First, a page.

Before you plan your trip to the store, or start ordering dozens of pricey gadgets, do a quick audit of your last few grocery shop excursions by looking over the receipts. Ziesmer suggests looking at where you are spending the most money. Some of these items may be unavoidable, but ask yourself:

Could this be bought in bulk?

Things like eggs, nuts, dried fruit, and even frozen produce may be less pricey when bought in bigger sizes. You can check by looking closely at the tags beneath each item on grocery store shelves to see the price per unit of measure, and you can compare it to the bulk buy option to see if the savings make sense.

Could I make this myself?

Items like granola, gluten-free bread, or almond milk may seem difficult to make, but once you learn how and get the right equipment, it’s easy.

Is there a cheaper option available?

This could be buying frozen berries versus fresh, but it could also mean looking to see if there’s a store brand that has the same—or even higher quality—ingredients without the brand name.

Is there a swap you could make for something cheaper?

If baking gluten-free bread is beyond your time capabilities but the $8 loaves are hurting your budget, consider if your athlete could instead use corn tortillas, which are often $5 for more than 50 tortillas The same applies to cuts of meat or types of nuts and seeds.


4. Buy the Foods You Actually Use in Bulk

Bulk buying isn’t for everyone, and it’s not for every food. “Buying foods that you eat most often in bulk, like meats, frozen fruits, vegetables, and nuts, can save money,” says Ziesmer. Stick to staples, including things like olive oil, eggs, or dairy that will be used long before its expiration date.

She also suggests skipping pre-packaged foods that are bought in bulk, like packets of trail mix. Instead, bulk buy your athlete’s favorite dried fruits, pretzels, and nuts to mix your own. It’s more cost-effective and it ends up being more in line with your athlete’s food preferences.


5. Shop Seasonally

Often, in-season produce is significantly less pricey than it will be in the offseason. Ziesmer suggests taking advantage of eating fruits and vegetables when they're in season to save money and to vary the types of produce your family is eating. But she also adds that if you have extra freezer space, buying favorite fruits and vegetables while they’re on sale and in season and then freezing them is a great way to save money.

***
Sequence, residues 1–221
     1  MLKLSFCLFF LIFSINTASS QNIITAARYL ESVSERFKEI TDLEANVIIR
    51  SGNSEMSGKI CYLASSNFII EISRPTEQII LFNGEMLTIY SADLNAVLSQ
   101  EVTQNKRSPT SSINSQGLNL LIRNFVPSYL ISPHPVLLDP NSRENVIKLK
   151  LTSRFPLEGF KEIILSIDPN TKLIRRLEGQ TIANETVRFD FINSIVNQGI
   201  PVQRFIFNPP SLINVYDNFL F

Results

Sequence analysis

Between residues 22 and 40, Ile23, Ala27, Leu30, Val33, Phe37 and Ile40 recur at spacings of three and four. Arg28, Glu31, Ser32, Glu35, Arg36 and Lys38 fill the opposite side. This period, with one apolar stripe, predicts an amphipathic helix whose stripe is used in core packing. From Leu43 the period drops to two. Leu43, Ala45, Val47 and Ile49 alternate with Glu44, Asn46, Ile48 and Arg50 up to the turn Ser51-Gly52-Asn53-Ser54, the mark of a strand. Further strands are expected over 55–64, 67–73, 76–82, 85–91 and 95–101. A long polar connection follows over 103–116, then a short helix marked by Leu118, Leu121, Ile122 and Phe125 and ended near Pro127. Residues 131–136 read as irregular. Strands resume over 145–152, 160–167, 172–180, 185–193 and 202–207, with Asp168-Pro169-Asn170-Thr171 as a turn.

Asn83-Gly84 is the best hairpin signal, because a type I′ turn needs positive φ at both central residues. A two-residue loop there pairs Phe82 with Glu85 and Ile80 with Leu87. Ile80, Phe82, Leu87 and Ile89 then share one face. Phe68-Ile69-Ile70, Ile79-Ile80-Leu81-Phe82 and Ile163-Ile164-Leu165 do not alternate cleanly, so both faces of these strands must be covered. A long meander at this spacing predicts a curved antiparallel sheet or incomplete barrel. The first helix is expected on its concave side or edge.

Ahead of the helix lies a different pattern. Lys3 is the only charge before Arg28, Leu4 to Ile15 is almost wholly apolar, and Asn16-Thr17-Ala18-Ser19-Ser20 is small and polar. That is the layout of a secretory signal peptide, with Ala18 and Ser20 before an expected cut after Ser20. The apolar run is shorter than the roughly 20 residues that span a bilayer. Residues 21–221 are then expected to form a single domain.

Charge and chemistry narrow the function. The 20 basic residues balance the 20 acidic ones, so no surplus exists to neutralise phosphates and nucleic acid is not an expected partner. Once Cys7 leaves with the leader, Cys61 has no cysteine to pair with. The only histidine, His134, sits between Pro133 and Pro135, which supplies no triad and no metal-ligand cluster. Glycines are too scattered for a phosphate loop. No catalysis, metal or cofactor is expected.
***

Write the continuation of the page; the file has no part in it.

“For example, there's a strawberry patch really close to our house, so I buy a whole bunch of their strawberries, cut the tops off, and then freeze them so we can use them throughout the year,” she says. “It’s cheaper plus it’s healthier since the fresher the produce is, the more nutrients it contains.”


6. Plan Your Shopping Ahead of Time—or Order Online

Your grocery receipt audit can also tell you whether you’re an impulsive shopper or not. If your audit showed that you tend to overspend in the grocery store simply because you spot foods that seem interesting and drop them into your cart without considering the cost, you may be best served to shop with a strict grocery list—no exceptions or additions allowed—or even do your grocery shopping online and pick it up at the store. This also pushes you to meal-plan and leads to less food waste.



To cut your grocery costs, you have to understand where you’re spending the most and ask yourself where you can make changes. It may be by buying in bulk, it may mean relying more on frozen foods, or it may simply mean shifting to a more seasonal approach to food.